February 8th, 2016 at 12:37 pm
Dish Network Becoming a Crony Capitalist Serial Offender
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We’re not in the business of demonizing particular private enterprises.  But it is our mission to advance the principles of free markets.  And few things corrupt contemporary markets more than crony capitalism, the exploitation of government power for private purposes.  From eminent domain abuse to kneecapping competing businesses, individuals and groups who favor free markets shouldn’t remain silent when businesses engage in it.

And in the case of Dish Network, we seem to have a serial offender.

In recent weeks, we’ve rightfully criticized Dish’s shenanigans as it relates to the desperately-needed Federal Communications Commission (FCC) spectrum auction.

Unfortunately, that unseemly behavior extends to the realm of marketplace mergers between willing parties.  We believe that absent some demonstrable unfair harm or illegality, private businesses should be free to merge, split or otherwise transact as they see fit without governmental meddling.  Regulators and disagreeable parties should have to carry a burden of proof in establishing such illegality or unfair harm before telling mutually-bargaining parties what they and cannot do.

Dish Network, however, appears to believe that it should be free to engage in merger activity when it sees fit, but others should not enjoy the same freedom when that doesn’t serve Dish’s perceived interest.

Perhaps the most prominent immediate example is Dish’s opposition to the proposed merger between Time-Warner Cable and Charter Communications, where it has gone so far as to petition the FCC to block the agreement.  That maneuver parallels its previous opposition to the Time-Warner/Comcast merger, which CFIF supported in the face of needless federal meddling.  Dish also considered it appropriate to oppose the AT&T/DirecTV merger.

But note something peculiar.  Several years prior, Dish itself sought to merge with DirecTV.  Similarly, Dish sought to merge with T-Mobile back in 2015, and in 2013 it asked the FCC to refrain from interfering with the Sprint/Softbank Stake merger, because its own desire to acquire Clearwire depended upon that particular merger going forward.  And in 2011, Dish sought a $2 billion purchase of Hulu, despite maligning the same company less than one year earlier.

Again, we hold no particular animosity toward Dish as an entity, and no opinion regarding the quality of its service.  But we do have a problem with a company inserting itself into merger negotiations between third parties, characterizing mergers as harmful to the marketplace and imploring regulators to interfere with other parties’ private interactions, only to turn around and seek the very same types of mergers when it anticipates some individualized benefit.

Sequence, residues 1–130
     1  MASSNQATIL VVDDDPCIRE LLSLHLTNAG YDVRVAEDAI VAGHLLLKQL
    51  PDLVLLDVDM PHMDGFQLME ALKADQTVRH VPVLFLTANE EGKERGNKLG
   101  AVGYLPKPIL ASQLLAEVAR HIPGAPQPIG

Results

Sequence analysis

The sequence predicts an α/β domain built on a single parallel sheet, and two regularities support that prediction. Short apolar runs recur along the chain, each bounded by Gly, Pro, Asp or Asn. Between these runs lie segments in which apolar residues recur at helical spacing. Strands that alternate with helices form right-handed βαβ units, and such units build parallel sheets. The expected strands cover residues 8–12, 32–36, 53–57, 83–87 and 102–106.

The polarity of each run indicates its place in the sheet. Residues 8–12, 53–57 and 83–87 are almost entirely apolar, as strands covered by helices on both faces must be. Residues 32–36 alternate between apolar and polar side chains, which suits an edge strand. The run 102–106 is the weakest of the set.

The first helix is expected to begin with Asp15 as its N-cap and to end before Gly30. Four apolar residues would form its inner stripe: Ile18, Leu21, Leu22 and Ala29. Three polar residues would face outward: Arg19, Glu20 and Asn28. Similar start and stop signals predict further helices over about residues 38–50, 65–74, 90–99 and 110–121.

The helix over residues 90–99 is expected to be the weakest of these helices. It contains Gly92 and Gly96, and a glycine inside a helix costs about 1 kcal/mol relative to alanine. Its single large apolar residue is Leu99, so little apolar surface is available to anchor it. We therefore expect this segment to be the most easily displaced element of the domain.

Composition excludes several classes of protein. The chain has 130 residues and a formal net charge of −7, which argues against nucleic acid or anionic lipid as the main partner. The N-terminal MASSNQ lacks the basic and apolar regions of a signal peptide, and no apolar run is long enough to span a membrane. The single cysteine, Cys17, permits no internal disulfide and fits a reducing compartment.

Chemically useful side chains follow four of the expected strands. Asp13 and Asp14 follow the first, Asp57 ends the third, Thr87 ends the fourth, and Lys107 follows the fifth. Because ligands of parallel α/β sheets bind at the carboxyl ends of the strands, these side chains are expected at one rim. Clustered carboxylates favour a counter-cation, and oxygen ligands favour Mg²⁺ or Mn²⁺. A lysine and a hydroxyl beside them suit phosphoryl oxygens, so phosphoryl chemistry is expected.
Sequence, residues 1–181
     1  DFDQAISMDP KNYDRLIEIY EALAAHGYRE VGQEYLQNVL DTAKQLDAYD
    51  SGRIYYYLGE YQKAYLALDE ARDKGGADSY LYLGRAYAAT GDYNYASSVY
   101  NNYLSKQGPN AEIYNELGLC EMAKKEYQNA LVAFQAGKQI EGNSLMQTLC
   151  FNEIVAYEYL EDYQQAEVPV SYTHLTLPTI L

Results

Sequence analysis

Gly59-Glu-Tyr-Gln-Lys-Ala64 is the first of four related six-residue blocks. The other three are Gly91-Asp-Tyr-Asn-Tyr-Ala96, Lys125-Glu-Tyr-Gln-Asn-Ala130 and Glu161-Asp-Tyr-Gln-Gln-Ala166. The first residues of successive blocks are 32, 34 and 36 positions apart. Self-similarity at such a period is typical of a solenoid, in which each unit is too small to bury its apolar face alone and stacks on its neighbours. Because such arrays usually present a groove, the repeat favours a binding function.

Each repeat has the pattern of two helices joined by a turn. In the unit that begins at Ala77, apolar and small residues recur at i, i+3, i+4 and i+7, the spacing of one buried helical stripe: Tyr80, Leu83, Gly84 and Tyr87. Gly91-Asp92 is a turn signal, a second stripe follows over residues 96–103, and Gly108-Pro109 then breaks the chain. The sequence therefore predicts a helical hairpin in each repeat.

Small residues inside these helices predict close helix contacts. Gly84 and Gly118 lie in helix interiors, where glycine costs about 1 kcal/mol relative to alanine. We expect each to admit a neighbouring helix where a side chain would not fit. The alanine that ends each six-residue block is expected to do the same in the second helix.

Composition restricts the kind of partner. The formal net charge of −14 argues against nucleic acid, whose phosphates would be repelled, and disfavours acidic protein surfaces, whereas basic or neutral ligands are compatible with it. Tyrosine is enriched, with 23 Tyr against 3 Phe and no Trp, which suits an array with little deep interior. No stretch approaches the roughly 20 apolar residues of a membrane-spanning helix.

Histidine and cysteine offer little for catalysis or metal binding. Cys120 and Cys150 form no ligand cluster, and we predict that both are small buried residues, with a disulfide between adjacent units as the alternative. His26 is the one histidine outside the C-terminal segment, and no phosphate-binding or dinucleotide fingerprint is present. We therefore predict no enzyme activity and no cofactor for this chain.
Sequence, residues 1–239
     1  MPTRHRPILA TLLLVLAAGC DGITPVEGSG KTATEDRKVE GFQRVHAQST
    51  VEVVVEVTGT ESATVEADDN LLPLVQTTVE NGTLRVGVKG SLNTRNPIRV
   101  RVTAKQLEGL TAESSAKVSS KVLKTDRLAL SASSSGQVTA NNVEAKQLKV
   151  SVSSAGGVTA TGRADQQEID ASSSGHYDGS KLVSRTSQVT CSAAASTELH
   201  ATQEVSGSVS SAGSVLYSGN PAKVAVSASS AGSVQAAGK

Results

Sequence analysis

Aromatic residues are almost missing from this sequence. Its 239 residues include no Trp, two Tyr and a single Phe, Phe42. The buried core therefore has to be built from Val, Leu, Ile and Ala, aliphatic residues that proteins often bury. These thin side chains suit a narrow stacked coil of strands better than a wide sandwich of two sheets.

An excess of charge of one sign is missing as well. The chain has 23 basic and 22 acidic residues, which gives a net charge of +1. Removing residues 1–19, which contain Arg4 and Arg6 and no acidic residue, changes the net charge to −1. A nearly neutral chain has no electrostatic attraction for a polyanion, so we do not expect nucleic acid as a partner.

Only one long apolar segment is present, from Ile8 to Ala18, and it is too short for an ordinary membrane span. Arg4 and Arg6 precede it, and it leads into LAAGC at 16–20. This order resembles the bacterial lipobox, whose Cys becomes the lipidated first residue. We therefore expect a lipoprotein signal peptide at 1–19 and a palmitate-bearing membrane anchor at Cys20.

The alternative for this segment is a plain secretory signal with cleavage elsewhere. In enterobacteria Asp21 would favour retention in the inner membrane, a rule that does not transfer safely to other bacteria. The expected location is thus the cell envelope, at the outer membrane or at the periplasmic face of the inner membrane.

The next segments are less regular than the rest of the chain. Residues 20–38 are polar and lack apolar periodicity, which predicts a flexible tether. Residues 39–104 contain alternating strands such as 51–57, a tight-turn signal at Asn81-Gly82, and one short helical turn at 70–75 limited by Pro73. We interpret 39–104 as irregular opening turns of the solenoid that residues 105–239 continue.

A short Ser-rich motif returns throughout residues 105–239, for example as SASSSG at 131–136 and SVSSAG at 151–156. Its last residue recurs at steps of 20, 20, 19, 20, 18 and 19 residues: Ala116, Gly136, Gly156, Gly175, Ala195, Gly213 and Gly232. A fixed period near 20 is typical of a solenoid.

That is the definition of crony capitalism, and it should be opposed by government officials and American citizens alike.

February 28th, 2014 at 10:11 am
Video – Comcast-Time Warner Merger: Antitrust Hysteria
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In this week’s Freedom Minute, CFIF’s Renee Giachino discusses the irrational antitrust hysteria by critics of Comcast’s proposed purchase of Time Warner Cable and explains why their concerns are baseless in fact and reality.

December 6th, 2013 at 9:14 am
Podcast: Is Over-Regulation Impacting Transportation Safety?
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In an interview with CFIF, Marc Sribner, Research Fellow at the Competitive Enterprise Institute, discusses transportation safety and security, vehicle automation and self-driving, and airline merger and antitrust nonsense, all in the context of government over-regulation.

Listen to the interview here.

November 10th, 2009 at 5:41 pm
E.U. Antitrust Navel-Gazers Target Oracle/Sun Agreement
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As the worldwide economic downturn drags on, why are European regulators arbitrarily stifling Oracle’s acquisition of Sun Microsystems, causing harm to the latter’s business?  One would think we’d want to encourage beneficial mergers during these lean times. right?

Apparently not in the sclerotic European Commission (EC).  After notoriously blocking such other synergistic mergers as General Electric and Honeywell, EC bean-counters are formally objecting to the Oracle/Sun agreement.  Even the suddenly-activist Obama Justice Department had already approved the deal and said it wouldn’t harm competition, but it apparently troubles the European status quo too much for Euro tastes.  As a result, Sun’s sales have plummeted some 25%, and Oracle could ultimately be forced to abandon the deal and pay a $260 million breakup penalty. Oracle’s software focus doesn’t even compete with Sun in the consumer marketplace, and the agreement was reached back in April.

Meanwhile, EC bureaucrats navel-gaze, and consumers again pay the price.